After this detour, it is worth returning to 1648 in which the Thirty Years’ War ended. Three points are relevant for the digital sovereignty debate. First, there is a debate about whether the peace treaty established the system of international relations we know today. There are both proponents (Philpott 1999) and opponents (Osiander 2001; Sen 2012). The debate has also been seized to argue that there cannot be sovereignty in the digital realm (Mueller 2019). But are we seeing the same historical image? It was not the only war. At the same time, the Eighty Years’ War raged, having started from Spain’s attempt in the 1560s to crush the revolts in the Netherlands. The longevity of these conflicts is astonishing for a today’s reader. Indeed, alongside military innovations, the perhaps most striking element in the conflicts was the capacity of the states to engage in active warfare, year after year and decade after decade, and to bear the burdens of the wars, including the extreme human losses and financial costs. What the Westphalian settlement brought was at least some religious and political balance across the Holy Roman Empire whose imperial power was limited but not entirely eliminated. (Kennedy 1989, pp. 40–93.) Although the settlement’s relation to territorial sovereignty may be disputed, state capacity and balance of power are still key concepts in international relations. So is what threatens sovereignty, war.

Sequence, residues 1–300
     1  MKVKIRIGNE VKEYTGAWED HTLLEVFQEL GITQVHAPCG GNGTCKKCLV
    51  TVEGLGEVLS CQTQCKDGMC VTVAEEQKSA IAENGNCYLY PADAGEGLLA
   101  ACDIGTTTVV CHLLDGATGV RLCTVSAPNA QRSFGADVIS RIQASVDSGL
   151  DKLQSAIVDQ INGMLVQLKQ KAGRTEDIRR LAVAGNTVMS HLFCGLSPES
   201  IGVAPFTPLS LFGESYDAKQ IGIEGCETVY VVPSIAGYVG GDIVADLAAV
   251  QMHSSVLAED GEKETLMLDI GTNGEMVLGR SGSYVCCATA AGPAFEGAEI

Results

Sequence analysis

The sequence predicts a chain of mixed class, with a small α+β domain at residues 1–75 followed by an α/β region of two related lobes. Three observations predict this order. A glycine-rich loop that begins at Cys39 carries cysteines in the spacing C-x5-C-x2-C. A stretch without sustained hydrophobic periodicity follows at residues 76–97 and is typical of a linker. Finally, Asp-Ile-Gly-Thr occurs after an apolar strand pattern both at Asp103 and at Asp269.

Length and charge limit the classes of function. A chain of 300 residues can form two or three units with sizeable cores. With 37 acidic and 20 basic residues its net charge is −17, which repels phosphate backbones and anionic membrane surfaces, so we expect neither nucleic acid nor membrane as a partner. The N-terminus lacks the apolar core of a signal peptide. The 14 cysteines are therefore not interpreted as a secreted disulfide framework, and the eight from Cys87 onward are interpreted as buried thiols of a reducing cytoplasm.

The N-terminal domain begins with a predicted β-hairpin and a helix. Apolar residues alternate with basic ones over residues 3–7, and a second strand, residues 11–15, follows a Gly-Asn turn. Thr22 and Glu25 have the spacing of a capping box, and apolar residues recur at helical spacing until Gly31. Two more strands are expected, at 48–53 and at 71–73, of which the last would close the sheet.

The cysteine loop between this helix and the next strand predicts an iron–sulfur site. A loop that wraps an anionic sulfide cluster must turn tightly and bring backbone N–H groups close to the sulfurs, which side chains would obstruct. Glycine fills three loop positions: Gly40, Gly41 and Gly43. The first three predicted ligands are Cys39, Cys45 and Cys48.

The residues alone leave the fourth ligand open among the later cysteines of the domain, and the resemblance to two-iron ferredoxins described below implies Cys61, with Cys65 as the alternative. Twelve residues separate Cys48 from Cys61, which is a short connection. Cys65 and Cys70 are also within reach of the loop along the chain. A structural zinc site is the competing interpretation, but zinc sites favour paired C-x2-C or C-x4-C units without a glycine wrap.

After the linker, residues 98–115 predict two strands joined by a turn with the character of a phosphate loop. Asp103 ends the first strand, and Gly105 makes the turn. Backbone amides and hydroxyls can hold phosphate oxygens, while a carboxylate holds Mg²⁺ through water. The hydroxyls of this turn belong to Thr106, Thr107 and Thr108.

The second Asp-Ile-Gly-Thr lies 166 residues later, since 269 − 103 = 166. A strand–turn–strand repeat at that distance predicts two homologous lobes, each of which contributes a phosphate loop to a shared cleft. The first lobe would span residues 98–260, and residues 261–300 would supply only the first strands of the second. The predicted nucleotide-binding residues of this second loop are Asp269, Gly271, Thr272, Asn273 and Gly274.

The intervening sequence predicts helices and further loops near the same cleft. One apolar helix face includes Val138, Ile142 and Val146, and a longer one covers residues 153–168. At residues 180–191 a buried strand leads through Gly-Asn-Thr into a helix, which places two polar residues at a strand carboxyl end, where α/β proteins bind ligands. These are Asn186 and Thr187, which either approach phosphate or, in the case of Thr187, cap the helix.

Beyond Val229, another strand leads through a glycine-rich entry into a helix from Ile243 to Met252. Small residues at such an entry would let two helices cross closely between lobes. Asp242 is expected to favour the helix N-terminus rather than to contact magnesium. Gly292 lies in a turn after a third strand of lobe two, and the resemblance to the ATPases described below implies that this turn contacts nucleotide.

Second, innovations and capacity, but not balance, characterize also today’s digital conflicts between states (Ruohonen 2020b). Even though different states have different stances on these conflicts just as they have different positions on digital sovereignty (Chong 2014; Couture and Toupin 2019; Mueller 2019), what seems clear is that the line between war and peace is becoming foggy in the digital realm, or that it has already become blurry. Warfare in the digital realm may be a myth (Gartzke 2013), or it may be that obscurity prevents seeing the treachery of the image. But we can read, and by reading we can learn that while a “policy of ambiguity and silence” has been common, at least some states have agreed that sovereignty applies in the digital realm together with Article 51 of the Charter of the United Nations (Moynihan 2019). This article defines a right to self-defense for a state or a collective of states in case of an armed attack. An armed attack is a direct violation of a state’s sovereignty in a territory. But it has already been noted that the digital realm is not bound to territories, and, hence, in theoretical terms, there cannot be armed conflicts in the realm. The theoretical paradox is thus clear. For addressing this quagmire, recent discussion has contemplated about thresholds for attacks in the digital realm (Assaf et al. 2020; Pawlak et al. 2020). Against this backdrop, it is possible to continue with another miscomparison involving the apparent presence of degreeism. What is a “90 percent peace” or a “10 percent war”? Is parochialism further present? Maybe it is not war or peace but war and peace?